Not least because now, in addition to Coinbase, the U.S. cryptocurrency market is dominated by another giant, FTX, which travels on about $700 million in daily exchange volumes.
Indeed, Coinbase and FTX are between the top four crypto exchanges in the world by exchange volume, while Gemini is over 40th, surpassed even by other U.S. exchanges such as Kraken.
The downward parabola
In this long bear market, Gemini’s daily trading volumes have fallen from about $200 million at the beginning of the year to the current $35 million, while in November 2021, at the peak, they came close to $500 million several times.
So since the peak, they have shrunk by more than ten times, perhaps not only because of the bear market.
For example, Coinbase’s volumes have dropped from about $10 billion in November 2021 to the current $1.3 billion through $4 billion in January 2022.
So Gemini, from this point of view, made a -60% at the end of 2021, followed by a -82% in 2022. In contrast, Coinbase made a -60% at the end of 2021, followed, however, “only” by a -67% in 2022.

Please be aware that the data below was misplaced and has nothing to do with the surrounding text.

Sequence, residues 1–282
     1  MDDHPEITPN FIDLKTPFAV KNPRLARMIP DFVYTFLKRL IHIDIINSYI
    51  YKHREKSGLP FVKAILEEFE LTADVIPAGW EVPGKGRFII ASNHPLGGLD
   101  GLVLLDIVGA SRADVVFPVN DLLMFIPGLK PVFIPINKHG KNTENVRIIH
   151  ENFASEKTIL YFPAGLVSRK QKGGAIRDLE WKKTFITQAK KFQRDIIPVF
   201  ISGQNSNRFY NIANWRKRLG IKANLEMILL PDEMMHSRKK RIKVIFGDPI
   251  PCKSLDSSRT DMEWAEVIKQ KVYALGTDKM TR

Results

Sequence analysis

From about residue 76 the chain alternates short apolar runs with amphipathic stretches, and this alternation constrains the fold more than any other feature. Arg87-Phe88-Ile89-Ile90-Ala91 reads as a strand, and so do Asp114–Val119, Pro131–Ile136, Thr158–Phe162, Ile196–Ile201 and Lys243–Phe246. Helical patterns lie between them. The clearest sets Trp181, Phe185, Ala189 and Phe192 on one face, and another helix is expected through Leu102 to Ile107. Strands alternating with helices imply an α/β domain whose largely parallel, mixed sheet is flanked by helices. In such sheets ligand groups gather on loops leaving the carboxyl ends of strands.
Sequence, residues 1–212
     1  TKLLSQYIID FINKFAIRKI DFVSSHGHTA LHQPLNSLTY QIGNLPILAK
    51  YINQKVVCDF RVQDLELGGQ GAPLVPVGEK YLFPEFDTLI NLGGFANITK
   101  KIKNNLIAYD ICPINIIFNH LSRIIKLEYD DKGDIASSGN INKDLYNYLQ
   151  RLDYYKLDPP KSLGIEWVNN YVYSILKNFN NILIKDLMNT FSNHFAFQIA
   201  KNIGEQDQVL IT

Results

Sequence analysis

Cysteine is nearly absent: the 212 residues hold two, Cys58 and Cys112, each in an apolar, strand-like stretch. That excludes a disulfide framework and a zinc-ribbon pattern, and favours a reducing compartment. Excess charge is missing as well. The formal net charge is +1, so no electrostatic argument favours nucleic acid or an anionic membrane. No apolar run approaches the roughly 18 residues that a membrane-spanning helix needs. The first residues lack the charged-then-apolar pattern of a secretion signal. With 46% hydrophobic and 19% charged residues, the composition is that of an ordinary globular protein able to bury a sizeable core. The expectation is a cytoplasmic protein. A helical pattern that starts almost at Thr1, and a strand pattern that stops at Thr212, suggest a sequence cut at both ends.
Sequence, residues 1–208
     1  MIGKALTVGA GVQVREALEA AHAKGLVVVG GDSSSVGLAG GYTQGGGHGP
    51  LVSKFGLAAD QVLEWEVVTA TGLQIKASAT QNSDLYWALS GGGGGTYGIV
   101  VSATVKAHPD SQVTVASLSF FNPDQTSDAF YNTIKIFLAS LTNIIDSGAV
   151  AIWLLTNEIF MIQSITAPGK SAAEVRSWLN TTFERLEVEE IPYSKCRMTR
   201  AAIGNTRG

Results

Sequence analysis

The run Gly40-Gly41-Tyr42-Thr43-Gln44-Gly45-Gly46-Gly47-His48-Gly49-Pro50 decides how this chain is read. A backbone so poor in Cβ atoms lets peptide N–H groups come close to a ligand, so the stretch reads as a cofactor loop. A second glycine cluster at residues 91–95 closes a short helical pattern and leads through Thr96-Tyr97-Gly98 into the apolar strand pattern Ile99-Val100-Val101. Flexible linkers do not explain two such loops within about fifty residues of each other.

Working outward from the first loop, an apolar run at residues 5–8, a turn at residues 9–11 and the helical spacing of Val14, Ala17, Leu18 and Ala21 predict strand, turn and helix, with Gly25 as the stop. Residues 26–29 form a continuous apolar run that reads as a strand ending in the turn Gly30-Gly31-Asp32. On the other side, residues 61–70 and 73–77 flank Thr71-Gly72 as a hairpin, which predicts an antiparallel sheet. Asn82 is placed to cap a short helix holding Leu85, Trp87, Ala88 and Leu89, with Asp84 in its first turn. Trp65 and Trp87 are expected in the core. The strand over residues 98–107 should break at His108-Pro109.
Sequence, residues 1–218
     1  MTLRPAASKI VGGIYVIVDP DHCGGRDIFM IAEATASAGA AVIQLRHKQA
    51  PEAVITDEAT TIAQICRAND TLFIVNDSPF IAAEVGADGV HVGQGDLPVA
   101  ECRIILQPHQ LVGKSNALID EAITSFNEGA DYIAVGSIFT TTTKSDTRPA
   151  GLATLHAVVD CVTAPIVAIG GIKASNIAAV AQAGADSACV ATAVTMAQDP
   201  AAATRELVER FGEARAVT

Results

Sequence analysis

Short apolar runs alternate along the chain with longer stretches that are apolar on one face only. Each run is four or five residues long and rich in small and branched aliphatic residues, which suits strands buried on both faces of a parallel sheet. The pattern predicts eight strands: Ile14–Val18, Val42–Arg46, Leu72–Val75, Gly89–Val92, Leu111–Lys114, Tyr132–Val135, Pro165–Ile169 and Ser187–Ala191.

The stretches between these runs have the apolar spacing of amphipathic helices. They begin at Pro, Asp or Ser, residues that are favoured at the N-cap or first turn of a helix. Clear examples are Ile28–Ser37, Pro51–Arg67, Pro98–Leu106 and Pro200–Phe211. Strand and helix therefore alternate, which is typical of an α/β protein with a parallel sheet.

FTX, on the other hand, did a little worse than -50% at the end of 2021, and 2022 did the same.
So 2022 for Gemini was a year of severe downsizing, while Coinbase and especially FTX held up better.
It should be pointed out, however, that both Coinbase and FTX are also widely used outside the U.S., while Gemini is mostly used in the U.S. due precisely to restrictions due to the very stringent regulations in New York State.
The future of the Gemini cryptocurrency exchange
In such a scenario, it is more than obvious to cultivate doubts about Gemini’s staying power.
It has happened before that cryptocurrency exchanges would go under during the bear market.
To be fair, however, they often survived unless they suffered colossal hacks with thefts, like Mt.Gox in 2014.
Perhaps this will be a downsizing year for Gemini, but in reality, it is a bit of a downsizing year for all cryptocurrency exchanges. It is likely, however, that the downsizing may be greater for Gemini than for others in this industry, but it seems unlikely that it will go so far as to cause problems that would shut it down.
Moreover, it seems to be one of the most secure exchanges, so unless they give up security to cut costs, it is hard to imagine that it could implode, for example, like Mt.Gox, due to theft of significant amounts.